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Customer Reviews

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( 39 )
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See All Sort by: Showing 1 – 20 of 39 Customer Reviews
  • Posted May 14, 2011

    more from this reviewer

    Book three doesn't disappoint

    Not realizing this was part of a series until Joe "Cat" Catalano (from Brockmann's Prince Joe) showed up, I read book three in the Tall, Dark and Dangerous series before book two. However, Brockmann wrote it so that it could stand on its own, so it wasn't a huge deal.

    Frisco's Kid tells the story of Alan "Frisco" Francisco, former member of Navy SEAL Team Ten's Alpha Squad. As the novel starts, Alan, who was badly injured in an op five years before that has left him with a mangled knee, a cane, and a deep sense of hostility toward the world, learns that he is about to lose his spot in the VA facility where he's been trying to get back into SEAL-worthy shape. Within forty-eight hours, Frisco is back in the civilian world, has done an amazing job of alienating his attractive peace-loving neighbor Mia Summerton, and finds himself acting as guardian for his five-year-old neice Natasha, whom he hasn't seen since the day she was born...just before he suffered his dibilitating injury.

    Frisco's Kid was an engrossing read. You could really feel Frisco's pain, both emotional and physical. Even when you wanted to clobber him over the head for being so blind, idiotic, and stubborn, you felt his pain. It was believeable. Having to completely change your expectations for your life is hard, even for--maybe even especially for--someone who is physically so strong. Mia's character was just amazing. She is a high school teacher in a tough, urban school, and even though you don't actually see her in the classroom (the novel takes place during summer break) you really get a sense of how much she cares about her students when seeing how she interacts with her neighbor and former student Thomas as well as with Frisco and Natasha. I really enjoyed their story, and will definitely read others in the series.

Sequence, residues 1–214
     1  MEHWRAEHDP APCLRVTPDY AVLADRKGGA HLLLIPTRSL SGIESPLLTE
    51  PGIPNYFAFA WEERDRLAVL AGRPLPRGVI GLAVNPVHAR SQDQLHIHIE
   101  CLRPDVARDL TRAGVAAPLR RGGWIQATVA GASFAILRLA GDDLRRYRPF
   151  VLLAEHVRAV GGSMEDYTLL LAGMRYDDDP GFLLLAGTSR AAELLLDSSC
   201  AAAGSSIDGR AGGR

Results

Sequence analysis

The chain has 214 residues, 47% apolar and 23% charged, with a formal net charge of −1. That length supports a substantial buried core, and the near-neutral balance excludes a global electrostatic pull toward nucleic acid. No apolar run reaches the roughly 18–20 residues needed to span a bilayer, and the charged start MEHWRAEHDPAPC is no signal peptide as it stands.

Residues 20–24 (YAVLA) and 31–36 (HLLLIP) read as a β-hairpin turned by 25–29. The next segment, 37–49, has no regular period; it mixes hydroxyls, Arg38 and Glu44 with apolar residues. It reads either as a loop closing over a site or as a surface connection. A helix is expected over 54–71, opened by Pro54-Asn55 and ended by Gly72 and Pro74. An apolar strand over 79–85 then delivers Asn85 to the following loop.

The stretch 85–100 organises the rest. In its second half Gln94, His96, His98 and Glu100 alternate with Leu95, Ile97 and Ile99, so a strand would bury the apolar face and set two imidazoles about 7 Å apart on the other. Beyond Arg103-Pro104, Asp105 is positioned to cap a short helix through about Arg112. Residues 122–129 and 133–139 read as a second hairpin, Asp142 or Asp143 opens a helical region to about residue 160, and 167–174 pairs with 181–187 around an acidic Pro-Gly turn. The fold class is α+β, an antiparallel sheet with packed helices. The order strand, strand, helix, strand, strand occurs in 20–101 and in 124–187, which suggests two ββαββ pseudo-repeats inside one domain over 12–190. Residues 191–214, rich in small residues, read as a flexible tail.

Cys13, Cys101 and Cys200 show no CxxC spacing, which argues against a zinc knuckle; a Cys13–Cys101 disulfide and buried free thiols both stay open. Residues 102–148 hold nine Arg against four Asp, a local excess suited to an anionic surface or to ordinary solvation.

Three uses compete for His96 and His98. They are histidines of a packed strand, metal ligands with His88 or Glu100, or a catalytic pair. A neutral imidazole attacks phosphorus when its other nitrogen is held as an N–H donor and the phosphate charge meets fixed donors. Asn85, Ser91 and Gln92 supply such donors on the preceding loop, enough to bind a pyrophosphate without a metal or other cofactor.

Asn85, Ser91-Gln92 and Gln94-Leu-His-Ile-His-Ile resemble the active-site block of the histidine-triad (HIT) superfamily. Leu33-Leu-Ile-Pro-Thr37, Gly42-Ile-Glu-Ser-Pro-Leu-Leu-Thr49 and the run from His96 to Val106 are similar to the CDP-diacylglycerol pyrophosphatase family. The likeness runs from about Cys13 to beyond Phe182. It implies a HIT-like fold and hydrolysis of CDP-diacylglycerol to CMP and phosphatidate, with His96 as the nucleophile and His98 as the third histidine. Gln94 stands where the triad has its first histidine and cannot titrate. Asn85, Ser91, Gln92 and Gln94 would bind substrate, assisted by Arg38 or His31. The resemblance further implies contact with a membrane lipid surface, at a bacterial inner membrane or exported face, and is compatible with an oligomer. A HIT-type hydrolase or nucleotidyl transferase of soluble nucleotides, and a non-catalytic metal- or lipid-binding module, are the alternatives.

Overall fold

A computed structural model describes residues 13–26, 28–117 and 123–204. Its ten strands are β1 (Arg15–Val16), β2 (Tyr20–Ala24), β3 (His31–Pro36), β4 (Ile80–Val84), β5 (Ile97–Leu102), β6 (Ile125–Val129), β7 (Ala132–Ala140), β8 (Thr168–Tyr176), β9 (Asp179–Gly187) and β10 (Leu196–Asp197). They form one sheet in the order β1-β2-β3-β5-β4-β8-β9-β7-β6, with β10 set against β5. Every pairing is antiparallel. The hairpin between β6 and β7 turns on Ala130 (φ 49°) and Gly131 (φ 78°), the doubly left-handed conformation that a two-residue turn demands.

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  • Posted October 25, 2009

    more from this reviewer

    Another good one

    I enjoyed the story of this book. It seemed so real you could feel the real life pain of it all. The romance was great and the side story was very touching.

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  • Anonymous

    Posted March 8, 2004

    A Wonderful Book

    The third book following Prince Joe and Forever Blue about a group of Navy SEALs and their adventures in and out of the line of duty. This book is kind of different in the fact that Frisco has been injured and is no longer a part of the unit. It is not the best one..but it is still an excellent book.

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  • Anonymous

    Posted July 10, 2003

    The best

    This book is great, fell in love with Frisco as well. I have read this book about 5 times, but i just can't stop reading the last chapter over and over again. I recommend this book to anyone. I bet you will fall in love with Alan Frisco too.

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  • Anonymous

    Posted June 7, 2003

    A quick read great for a Sunday afternoon

    This is a great book that reads really quickly. Suzanne has made this book quite different from Team Sixteen's get up and go power, writing instead about a man fighting with his own demons. I found it inspiraring and incredibly romantic.